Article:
8th June 2016
Top marine officials from the United Nations have praised the Australian government and their management of the Great Barrier Reef, urging supporters to go beyond green groups and donate directly to United Nations Educational, Scientific and Cultural Organization (UNESCO) as a trustworthy advisor.
Head of the World Heritage Marine Program Fanny Douvere, said the Great Barrier Reef was a perfect example of the success that can be achieved when the UN acts as a broker between governments, environmental groups and scientists.
In 2012 Ms Douvere led a UN mission to Gladstone to investigate concerns the impact industrial development was having on the local environment. The UN intervened, which led to a complete review of Australia's reef management resulting in the World Heritage Committee withdrawing the reef's threatened in-danger listing.
Writing in science journal Nature, Ms Douvere said that Australia had provided the proof that "the most durable solutions emerge when diverse viewpoints of activists, scientists and government officials are effectively mediated".
Following high coral mortality and serious bleaching on reefs off Cape York, the reef's management has become an election issue. Environment Minister Greg Hunt and reef authorities were concerned by how reef management and coral bleaching data had been presented, while green groups have been campaigning for action.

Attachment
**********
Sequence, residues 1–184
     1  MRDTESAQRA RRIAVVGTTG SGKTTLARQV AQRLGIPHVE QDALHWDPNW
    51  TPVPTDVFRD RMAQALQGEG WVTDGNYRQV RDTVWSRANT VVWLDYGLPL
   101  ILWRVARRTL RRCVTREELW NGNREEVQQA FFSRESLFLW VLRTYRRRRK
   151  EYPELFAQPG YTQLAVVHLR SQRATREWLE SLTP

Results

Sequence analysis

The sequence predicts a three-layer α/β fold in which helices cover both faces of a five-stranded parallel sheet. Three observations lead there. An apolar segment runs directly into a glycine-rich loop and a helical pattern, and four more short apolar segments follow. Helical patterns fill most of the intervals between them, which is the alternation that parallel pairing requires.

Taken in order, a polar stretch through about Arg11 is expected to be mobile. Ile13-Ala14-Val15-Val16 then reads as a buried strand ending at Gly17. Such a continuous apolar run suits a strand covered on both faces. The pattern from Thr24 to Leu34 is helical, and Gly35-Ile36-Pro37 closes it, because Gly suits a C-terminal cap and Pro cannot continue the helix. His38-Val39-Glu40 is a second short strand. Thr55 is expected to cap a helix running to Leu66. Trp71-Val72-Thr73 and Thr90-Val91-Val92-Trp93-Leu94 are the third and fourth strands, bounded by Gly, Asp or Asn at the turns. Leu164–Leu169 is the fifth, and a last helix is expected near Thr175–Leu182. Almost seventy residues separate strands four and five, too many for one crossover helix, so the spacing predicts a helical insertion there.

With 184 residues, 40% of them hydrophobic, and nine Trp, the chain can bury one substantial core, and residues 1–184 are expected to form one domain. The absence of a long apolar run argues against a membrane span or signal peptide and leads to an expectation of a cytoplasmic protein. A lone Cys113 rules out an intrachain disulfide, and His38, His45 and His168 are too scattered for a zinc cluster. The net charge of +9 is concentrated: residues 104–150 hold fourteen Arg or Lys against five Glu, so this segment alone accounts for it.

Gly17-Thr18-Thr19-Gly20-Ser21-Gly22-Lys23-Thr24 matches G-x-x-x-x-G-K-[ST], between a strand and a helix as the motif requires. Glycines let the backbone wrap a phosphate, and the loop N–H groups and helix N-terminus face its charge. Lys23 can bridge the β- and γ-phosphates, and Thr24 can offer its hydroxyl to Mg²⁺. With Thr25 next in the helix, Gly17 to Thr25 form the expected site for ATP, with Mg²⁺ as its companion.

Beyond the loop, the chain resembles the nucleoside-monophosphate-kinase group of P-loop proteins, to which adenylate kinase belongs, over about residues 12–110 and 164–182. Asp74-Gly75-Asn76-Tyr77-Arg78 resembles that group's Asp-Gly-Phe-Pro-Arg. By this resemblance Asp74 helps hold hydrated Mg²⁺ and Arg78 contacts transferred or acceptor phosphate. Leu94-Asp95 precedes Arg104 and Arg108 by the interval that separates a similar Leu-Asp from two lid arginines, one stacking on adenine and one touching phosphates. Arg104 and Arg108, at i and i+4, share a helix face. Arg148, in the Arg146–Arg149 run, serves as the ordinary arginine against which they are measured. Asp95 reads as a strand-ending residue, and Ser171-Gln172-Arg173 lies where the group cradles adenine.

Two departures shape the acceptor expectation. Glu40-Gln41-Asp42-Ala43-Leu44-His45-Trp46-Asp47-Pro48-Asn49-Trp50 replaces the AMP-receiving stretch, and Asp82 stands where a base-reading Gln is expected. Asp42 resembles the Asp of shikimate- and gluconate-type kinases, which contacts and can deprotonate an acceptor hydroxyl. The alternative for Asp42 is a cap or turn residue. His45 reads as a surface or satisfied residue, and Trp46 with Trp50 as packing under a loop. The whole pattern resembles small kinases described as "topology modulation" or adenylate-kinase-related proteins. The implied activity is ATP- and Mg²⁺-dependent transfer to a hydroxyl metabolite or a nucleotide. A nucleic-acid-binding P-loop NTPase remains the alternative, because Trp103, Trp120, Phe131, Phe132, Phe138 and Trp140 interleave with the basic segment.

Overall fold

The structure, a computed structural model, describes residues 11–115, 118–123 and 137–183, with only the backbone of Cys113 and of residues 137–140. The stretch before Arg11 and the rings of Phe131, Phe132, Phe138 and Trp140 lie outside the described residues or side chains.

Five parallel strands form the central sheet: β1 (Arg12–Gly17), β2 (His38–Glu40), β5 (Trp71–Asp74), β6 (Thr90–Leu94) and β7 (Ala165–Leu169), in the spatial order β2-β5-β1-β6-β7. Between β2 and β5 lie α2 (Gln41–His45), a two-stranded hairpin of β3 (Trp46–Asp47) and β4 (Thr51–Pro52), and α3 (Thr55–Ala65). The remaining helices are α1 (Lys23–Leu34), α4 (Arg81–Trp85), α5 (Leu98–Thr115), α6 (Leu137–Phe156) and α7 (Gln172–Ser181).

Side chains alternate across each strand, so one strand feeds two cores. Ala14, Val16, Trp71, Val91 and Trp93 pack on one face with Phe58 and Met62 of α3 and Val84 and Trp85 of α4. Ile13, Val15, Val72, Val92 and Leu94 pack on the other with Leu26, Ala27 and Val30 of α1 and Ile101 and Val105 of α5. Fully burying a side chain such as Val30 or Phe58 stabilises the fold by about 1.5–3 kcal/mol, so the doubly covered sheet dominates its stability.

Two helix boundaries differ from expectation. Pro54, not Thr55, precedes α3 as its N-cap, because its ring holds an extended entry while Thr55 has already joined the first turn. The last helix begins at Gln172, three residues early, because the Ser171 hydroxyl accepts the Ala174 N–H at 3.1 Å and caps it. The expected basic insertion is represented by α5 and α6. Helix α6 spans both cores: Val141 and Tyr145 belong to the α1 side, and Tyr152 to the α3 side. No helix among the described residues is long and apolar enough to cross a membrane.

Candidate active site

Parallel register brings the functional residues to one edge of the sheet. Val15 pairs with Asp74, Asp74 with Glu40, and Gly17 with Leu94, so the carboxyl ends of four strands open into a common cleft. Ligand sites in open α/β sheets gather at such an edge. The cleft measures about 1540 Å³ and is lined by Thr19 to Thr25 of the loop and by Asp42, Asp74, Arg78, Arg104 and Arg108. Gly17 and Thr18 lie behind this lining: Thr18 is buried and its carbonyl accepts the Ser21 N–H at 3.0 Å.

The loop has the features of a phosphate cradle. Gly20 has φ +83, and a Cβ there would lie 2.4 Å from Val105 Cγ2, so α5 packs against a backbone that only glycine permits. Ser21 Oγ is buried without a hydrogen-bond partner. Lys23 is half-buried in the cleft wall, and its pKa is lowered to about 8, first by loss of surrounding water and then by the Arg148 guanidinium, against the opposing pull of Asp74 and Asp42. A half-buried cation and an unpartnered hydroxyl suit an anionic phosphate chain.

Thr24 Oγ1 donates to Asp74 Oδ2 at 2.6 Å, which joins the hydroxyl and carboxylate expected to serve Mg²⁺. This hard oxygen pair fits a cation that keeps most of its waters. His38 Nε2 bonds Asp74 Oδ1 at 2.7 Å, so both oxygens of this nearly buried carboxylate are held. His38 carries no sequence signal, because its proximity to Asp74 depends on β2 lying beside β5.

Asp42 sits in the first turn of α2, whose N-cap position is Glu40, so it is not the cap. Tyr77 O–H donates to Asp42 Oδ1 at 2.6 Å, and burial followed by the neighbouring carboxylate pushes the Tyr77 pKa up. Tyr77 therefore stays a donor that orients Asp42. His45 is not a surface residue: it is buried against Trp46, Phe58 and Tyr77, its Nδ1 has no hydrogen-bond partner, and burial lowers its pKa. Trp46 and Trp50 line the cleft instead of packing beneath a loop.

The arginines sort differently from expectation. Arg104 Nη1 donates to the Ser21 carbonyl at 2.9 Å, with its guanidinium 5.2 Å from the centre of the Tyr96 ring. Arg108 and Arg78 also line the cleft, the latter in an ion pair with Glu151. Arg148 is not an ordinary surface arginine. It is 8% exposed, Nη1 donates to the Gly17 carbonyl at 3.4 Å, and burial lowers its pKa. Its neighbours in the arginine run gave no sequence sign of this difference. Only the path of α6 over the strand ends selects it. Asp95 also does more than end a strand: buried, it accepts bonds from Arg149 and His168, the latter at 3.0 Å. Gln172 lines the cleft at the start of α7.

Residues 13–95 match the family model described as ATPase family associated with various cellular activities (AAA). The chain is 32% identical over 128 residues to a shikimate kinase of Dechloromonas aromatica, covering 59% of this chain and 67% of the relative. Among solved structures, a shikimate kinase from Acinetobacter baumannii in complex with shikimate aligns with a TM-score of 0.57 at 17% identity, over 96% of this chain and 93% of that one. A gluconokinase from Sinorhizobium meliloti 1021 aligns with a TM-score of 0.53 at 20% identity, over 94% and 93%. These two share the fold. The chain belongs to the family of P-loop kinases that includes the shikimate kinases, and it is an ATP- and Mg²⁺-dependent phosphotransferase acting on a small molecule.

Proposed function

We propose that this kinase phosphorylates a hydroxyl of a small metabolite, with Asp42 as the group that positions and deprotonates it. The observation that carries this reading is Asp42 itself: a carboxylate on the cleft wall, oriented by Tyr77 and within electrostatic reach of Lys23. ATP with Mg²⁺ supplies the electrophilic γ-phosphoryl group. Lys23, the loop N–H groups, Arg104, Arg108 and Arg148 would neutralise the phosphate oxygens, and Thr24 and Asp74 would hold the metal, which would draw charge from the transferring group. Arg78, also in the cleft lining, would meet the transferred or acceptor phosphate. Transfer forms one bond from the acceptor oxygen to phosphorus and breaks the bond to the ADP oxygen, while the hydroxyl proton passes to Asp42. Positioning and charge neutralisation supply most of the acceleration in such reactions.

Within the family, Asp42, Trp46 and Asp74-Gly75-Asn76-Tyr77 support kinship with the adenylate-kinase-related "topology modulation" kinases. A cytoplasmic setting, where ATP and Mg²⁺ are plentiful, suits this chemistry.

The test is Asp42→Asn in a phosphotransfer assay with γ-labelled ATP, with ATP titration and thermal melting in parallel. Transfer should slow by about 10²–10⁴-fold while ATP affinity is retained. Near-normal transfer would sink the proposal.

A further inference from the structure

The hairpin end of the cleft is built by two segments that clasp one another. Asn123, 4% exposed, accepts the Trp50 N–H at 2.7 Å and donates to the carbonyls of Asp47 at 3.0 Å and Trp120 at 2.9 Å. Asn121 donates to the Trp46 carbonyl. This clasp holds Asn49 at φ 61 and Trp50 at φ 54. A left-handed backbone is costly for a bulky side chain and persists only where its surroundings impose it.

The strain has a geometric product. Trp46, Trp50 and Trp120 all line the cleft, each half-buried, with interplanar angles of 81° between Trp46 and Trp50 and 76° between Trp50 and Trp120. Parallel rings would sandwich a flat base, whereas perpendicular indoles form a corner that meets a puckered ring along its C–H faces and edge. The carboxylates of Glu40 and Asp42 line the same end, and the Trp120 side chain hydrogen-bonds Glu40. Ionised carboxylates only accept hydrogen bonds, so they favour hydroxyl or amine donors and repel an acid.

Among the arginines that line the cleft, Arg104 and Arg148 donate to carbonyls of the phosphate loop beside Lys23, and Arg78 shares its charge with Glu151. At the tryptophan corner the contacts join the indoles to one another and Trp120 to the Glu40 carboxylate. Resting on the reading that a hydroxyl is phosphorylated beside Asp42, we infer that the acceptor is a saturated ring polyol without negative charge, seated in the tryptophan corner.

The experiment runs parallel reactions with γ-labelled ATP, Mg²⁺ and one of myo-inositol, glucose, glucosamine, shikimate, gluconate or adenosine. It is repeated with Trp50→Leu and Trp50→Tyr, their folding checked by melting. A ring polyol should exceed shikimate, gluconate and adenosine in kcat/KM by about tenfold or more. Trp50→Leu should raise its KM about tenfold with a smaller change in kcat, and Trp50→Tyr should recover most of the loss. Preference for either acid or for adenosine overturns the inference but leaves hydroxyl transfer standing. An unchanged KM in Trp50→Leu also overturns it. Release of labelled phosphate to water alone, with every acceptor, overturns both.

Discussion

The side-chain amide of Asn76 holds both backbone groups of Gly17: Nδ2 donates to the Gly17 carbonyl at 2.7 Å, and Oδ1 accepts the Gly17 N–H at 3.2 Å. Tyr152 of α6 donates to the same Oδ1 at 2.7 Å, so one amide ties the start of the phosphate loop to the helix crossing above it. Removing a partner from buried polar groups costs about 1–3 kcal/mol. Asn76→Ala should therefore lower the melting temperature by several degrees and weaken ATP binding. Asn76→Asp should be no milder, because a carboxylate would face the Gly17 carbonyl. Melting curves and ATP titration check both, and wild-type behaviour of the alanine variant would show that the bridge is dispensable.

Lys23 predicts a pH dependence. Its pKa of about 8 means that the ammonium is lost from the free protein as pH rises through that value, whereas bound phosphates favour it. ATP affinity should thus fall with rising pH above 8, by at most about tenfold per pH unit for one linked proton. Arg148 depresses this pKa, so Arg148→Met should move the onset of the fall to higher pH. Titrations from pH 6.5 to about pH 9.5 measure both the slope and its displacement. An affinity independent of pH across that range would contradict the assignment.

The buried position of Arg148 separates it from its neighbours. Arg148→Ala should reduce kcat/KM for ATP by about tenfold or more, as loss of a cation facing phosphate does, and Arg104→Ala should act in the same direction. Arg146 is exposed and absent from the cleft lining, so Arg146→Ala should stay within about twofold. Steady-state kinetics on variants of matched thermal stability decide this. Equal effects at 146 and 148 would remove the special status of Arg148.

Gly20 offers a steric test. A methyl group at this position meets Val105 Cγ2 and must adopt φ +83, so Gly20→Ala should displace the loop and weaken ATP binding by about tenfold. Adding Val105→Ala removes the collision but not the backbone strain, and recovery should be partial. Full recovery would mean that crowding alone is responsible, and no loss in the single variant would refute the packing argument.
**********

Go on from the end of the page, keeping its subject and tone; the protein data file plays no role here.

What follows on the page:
Before the 2012 involvement of the UN, Ms Douvere said the reef had been suffering as a result of incremental budget cuts that threatened the health of the reef and the World Heritage Committee issued the first warning that unless there was proof of substantial progress, the reef would be listed as "world heritage in danger".
The Australian government aimed to reduce run off and pollution by 80 per cent by 2025 and committed over $200 million to improve water quality. As a result, Australia managed to "do in 18 months what otherwise would have taken decades" based on the advice of UNESCO, as praised by Mr Hunt in an address to the World Heritage Committee last July.